Place all of the dry ingredients in a bowl, combine and make a well in the centre. Pour the water in the centre of the well and use a spatula to mix until the ingredients just start to come together.
Tip the dough out on to your work surface and begin stretching it right across the table and folding it back together. Repeat until the dough is elastic. This process is activating the gluten in the flour. Once you are happy that the dough is ready to prove, roll it into a ball, place in a bowl and cover with a damp cloth. Allow to double in size. The time the dough takes to prove will depend on temperature - the yeast is activated a lot more quickly in a warm environment. You can speed up the process slightly by adding a couple of tablespoons of warm water to the yeast before combining it with the rest of the mixture.
Peel and finely slice the garlic. Fry gently in a saucepan in a little of the olive oil until soft but not browned. Add the tomatoes, bring to the boil and simmer gently for up to an hour and a half until the tomatoes are broken down and the sauce is thick...the longer the better!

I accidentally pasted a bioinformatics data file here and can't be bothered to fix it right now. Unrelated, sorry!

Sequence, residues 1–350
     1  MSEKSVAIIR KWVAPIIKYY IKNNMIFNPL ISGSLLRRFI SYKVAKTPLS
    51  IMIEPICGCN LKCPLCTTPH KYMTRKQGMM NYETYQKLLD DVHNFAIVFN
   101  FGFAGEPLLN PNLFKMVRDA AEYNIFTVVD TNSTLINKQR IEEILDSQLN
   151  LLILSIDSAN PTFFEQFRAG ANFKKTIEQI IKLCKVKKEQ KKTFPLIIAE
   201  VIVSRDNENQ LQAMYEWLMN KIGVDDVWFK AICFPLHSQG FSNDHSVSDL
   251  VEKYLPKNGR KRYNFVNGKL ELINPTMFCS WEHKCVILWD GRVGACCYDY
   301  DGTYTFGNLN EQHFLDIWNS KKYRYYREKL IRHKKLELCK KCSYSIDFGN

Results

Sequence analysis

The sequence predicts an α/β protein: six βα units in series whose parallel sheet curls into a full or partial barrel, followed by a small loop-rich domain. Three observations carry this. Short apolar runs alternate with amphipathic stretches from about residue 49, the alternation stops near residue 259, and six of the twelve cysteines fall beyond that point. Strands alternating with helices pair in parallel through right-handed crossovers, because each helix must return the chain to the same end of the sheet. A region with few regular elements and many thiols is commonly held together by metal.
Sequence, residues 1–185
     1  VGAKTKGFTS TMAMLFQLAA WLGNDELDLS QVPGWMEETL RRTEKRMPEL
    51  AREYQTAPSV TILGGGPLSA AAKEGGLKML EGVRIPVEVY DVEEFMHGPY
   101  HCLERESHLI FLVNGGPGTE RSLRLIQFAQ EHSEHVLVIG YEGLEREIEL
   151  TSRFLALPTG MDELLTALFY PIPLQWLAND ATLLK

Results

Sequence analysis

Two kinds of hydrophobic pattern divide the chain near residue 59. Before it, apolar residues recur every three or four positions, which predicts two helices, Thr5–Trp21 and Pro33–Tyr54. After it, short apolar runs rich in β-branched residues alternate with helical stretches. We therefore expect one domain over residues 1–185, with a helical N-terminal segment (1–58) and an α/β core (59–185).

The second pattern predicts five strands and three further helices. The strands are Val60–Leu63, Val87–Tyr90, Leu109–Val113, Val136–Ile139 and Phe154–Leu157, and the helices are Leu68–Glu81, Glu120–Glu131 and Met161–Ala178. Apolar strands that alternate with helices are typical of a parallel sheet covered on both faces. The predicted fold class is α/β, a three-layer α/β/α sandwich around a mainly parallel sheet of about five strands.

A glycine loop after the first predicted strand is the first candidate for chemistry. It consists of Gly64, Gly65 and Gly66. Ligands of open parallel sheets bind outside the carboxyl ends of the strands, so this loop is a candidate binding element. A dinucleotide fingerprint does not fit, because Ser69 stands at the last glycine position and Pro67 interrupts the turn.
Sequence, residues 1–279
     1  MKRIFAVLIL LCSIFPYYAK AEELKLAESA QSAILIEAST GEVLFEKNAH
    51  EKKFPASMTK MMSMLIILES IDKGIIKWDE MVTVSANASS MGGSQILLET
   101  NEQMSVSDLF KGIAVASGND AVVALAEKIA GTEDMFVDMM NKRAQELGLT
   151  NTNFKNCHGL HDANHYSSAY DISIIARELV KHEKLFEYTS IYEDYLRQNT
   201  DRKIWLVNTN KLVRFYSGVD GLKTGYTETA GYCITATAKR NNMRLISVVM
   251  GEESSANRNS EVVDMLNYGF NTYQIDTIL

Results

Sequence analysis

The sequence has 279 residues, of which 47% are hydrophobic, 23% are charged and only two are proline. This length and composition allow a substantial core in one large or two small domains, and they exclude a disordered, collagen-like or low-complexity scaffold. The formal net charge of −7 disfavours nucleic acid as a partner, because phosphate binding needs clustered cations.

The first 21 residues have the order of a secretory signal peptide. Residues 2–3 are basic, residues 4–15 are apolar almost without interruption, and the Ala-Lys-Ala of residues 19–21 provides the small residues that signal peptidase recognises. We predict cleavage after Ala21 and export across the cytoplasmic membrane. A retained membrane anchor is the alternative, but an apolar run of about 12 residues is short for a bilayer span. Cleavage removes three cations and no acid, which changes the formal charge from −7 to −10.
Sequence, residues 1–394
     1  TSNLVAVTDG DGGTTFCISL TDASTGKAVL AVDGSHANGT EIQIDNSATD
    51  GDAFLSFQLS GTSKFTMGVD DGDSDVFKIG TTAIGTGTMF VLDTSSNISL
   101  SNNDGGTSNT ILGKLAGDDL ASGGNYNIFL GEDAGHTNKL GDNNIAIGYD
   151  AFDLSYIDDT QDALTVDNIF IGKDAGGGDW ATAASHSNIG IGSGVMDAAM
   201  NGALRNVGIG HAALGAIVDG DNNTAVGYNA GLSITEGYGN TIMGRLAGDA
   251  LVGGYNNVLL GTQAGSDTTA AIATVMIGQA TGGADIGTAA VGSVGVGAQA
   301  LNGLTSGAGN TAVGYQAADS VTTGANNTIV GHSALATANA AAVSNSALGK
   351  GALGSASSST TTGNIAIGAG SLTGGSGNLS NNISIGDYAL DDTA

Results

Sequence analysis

Season with salt and pepper to taste.
Pick the herbs from the stalks and roughly chop, then stir into the sauce at the last minute, along with the rest of the olive oil to enrich the sauce and make it glossy.
Preheat the oven to 240 degrees.
Once the dough has doubled in size, turn it out on to your work surface and knock it back. Cut the dough into small pieces weighing around 30-40g each. Heavily flour your work surface and roll each ball out to a thickness of about 5mm
Heat a pizza stone in the oven until hot.
Smother a generous amount of tomato sauce over the pizza base, slice the mozzarella into 6 and spread over. Place the stone back in the oven to cook until golden brown. Ideally this will not take more than 4-5 minutes to cook. Remove the pizza from the oven and slice.
«Instead of using a tomato sauce try making a simple garlic and rosemary oil instead. »